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Dimensions Baily Thomas House Haysoms Drive Good

Reports


Inspection carried out on 24 May 2017

During a routine inspection

Care service description.

Dimensions Baily Thomas House Haysoms Drive is a respite service for up to six people at a time with a learning disability. People may have associated physical or behavioural difficulties. The service supports a total of 50 people through planned and agreed respite stays.

Rating at last inspection.

At the last inspection in October 2014, the service was rated Good.

At this inspection we found the service remained Good.

Why the service is rated Good.

The service met relevant fundamental standards.

People felt safe and well cared for by staff. Where risks were identified, appropriate steps had been taken to minimise these. Medicines were managed so as to reduce the risk of errors, given the frequency of their transfer between people’s homes and the service. Potential new staff were subject to a robust recruitment process. Once appointed, staff received a thorough induction and training to equip them with the necessary knowledge and skills and were provided with ongoing support and development opportunities.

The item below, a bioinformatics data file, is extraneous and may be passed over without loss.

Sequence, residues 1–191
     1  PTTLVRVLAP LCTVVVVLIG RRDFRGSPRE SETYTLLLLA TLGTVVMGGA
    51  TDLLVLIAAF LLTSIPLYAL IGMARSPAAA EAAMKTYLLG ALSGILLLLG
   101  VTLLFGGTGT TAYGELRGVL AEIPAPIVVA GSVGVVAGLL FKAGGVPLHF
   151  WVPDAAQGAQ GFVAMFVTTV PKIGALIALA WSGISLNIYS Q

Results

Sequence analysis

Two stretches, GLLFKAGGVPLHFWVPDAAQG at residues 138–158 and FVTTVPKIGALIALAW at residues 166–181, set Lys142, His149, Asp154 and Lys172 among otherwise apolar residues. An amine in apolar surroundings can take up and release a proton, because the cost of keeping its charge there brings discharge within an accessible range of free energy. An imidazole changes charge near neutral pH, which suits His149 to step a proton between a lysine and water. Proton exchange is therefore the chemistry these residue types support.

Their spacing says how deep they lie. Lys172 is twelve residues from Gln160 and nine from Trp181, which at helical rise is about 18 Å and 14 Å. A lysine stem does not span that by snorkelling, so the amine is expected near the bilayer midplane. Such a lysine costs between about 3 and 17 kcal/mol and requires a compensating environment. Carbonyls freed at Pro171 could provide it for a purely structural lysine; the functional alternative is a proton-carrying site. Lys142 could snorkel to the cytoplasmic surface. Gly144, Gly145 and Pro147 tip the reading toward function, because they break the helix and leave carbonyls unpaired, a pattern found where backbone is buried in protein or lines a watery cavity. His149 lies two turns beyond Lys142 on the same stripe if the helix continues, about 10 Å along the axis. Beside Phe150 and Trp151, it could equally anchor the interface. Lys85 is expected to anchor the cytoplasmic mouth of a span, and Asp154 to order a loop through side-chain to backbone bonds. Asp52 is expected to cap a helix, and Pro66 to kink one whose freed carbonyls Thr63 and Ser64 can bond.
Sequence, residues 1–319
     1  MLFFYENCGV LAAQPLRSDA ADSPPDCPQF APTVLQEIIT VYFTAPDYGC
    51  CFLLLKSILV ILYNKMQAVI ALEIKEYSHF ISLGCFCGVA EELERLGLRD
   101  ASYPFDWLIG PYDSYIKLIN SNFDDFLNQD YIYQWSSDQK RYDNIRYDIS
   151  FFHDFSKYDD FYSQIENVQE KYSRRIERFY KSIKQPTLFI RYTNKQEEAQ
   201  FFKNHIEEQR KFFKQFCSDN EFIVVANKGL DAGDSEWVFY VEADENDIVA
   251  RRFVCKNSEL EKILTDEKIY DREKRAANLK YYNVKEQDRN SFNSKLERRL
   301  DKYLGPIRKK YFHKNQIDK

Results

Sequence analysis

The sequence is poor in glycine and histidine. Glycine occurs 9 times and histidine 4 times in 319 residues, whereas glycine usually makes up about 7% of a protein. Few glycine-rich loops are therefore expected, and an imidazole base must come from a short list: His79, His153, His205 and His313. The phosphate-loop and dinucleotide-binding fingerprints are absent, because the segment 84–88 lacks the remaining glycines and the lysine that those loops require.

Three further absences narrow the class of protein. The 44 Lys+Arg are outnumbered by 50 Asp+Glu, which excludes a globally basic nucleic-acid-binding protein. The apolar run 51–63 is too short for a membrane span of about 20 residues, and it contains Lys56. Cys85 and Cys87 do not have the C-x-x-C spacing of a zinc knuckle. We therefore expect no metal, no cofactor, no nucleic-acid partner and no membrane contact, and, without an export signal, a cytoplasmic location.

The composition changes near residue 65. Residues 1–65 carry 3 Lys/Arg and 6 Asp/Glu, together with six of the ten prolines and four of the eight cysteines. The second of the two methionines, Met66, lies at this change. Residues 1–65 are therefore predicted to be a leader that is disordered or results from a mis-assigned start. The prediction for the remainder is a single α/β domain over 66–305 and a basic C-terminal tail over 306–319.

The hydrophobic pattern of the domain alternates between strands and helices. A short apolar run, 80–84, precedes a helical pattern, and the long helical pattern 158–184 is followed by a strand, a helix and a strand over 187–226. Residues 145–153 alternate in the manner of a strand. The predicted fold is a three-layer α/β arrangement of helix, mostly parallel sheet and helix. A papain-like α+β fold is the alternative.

People were supported to have maximum choice and control of their lives and staff supported them in the least restrictive way possible. The policies and systems in the service supported this practice. People were supported to be involved in day to day household activities and tasks and had access to a variety of activities and external day services and other resources.

People, relatives and external care professionals felt staff provided consistent and caring support and they worked effectively with external care and health services where necessary. People’s rights were protected and staff always sought consent before providing care. People’s dignity and privacy were maintained in the way staff provided their support. The building was suitably adapted to meet people’s physical needs and was fully accessible to those using wheelchairs.

The service was responsive to people’s wishes with regard to their respite stays and the level of care people wanted. It had provided support in an emergency at times. People and their families were involved in planning their care and care plans were positive and enabling. Staff worked calmly and effectively with people, supporting and respecting their individuality.